A new book out by two economists of the Austrian persuasion is a wake-up call for those who believe Zimbabwe’s well-documented plunge into the abyss cannot possibly happen to the rest of us.
When Money Destroys Nations by Philip Haslam and Russell Lamberti is perhaps one of the most alarming books on the current state of the world to have come out in recent years. To set the scene, the authors describe in chilling detail how Zimbabwe went from 20% inflation in 1997 to 89,700,000,000,000,000,000,000% in 2008. I might have left out a few zeros there, but you get the point. The cause was entirely political – and, hence, avoidable. “The Zimbabwean government lived beyond its means for years, spending more than it could really afford on government programmes, including war and social security.”
It attempted to solve this problem with rampant money printing. “Money printing gathered momentum and fuelled an inflation frenzy, which poured down economic ruin upon millions of ordinary people. It ultimately led to the Zimbabwe dollar being abandoned as a currency beginning at the end of 2008.”
But Zimbabwe’s experience is not unique. In fact, money printing has become a global phenomenon that always, always leads to inflation and impoverishment. Anyone who believes that “it couldn’t happen here” had better read this book. In Zimbabwe, the money printing started slow and then, over the course of the next 11 years, spiralled out of control. The scale of the carnage wrought by this idiocy is well documented: one-third of Zimbabweans were forced into exile, repatriating funds each month to family members left behind; the government responded to food inflation by setting price controls which were promptly ignored; a black market in alternative currencies flourished as people sought to feed themselves anyway they could (hint: a bottle of whiskey holds its value surprisingly well in a hyper-inflationary environment); barter returned as a means of exchange; stores closed down; mass hunger ensued, resulting in social unrest which was promptly extinguished by the military.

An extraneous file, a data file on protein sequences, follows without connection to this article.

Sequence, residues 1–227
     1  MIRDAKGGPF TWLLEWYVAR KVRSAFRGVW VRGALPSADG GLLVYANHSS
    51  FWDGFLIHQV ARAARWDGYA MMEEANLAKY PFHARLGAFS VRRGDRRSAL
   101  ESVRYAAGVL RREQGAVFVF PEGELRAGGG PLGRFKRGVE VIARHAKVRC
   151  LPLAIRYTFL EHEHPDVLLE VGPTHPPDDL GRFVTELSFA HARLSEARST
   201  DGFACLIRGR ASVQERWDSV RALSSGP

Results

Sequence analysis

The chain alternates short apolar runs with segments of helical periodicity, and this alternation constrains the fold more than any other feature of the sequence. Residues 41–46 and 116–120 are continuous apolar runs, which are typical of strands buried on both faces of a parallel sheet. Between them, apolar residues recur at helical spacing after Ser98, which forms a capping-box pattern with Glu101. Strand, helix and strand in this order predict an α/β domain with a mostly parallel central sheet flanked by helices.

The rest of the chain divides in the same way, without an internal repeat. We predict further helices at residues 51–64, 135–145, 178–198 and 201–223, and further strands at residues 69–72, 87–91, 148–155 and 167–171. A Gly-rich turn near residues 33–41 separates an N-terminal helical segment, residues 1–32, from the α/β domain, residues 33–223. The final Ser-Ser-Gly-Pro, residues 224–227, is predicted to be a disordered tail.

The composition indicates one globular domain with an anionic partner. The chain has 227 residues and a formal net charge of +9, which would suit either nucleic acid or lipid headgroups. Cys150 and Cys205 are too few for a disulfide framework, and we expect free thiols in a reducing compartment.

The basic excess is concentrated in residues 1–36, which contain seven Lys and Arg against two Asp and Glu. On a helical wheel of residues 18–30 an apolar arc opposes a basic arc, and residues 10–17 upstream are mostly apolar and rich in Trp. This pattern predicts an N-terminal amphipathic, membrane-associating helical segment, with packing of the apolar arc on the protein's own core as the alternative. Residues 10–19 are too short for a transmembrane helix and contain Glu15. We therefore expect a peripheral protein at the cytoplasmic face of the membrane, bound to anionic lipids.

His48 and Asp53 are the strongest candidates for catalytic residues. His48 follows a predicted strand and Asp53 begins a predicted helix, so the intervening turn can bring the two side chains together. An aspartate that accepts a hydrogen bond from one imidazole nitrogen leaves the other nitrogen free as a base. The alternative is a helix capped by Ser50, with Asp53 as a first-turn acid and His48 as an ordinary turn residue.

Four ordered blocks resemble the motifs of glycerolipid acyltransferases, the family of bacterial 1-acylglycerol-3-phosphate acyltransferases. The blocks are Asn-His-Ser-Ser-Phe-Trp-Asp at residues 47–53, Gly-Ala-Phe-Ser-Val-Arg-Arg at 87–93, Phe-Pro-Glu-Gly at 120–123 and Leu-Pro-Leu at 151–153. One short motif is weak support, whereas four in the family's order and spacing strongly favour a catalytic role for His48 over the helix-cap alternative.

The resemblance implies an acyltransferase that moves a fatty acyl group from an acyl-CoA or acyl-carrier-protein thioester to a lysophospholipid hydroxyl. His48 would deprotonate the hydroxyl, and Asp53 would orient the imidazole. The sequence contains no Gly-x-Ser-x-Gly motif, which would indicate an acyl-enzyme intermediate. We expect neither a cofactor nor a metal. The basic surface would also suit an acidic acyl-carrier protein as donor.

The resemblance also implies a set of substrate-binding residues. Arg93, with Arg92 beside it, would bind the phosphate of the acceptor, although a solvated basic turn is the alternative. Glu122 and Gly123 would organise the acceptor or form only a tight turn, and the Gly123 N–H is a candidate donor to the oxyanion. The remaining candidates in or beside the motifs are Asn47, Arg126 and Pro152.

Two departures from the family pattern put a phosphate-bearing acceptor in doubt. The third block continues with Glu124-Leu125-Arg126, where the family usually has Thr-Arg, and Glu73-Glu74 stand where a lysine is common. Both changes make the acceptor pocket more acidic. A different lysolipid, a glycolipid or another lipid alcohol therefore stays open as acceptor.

On a visit to Zimbabwe at the height of the inflationary blitzkrieg, it was obvious that certain segments of the population were flourishing. The ruling party elites managed to corner the black markets in currency, fuel, flour, sugar and any number of commodities. Taxis would seldom carried more than a gallon of fuel at a time. When they ran dry, some enterprising young men would emerge spontaneously with a gas refill, dispensed from an old Coke bottle. There were daily queues for bread. Shops were barren, carrying a few bars of soap and maize flour, and for this you had to carry boot-loads of Zimbabwean dollars.
“Exact inflation became meaningless. Hyper-inflation is more a sense of being than specific rates. In Zimbabwe, no-one thought in percentage inflation. You just got a feel for it,” says Zimbabwean economist Jonathan Waters.
The real point of the book is that the same fate awaits other countries merrily printing their way out of trouble. Nor is there any easy escape for the governments of the US, Britain, Europe and Japan – whose printing machines have been fired into hyper-drive since the financial collapse of 2008. US government debt has grown by a teeth-clattering $6,5 trillion since 2008. That’s a 70% expansion of the money supply in five years, all of it legitimised by the so-called “Quantitative Easing” programmes initiated by the US administration during this time. Other major economies are likewise racing to expand their money supplies in an effort to keep the financial system afloat. “These countries are steadily adopting the dangerous policies that ultimately proved disastrous in Zimbabwe,” say the authors.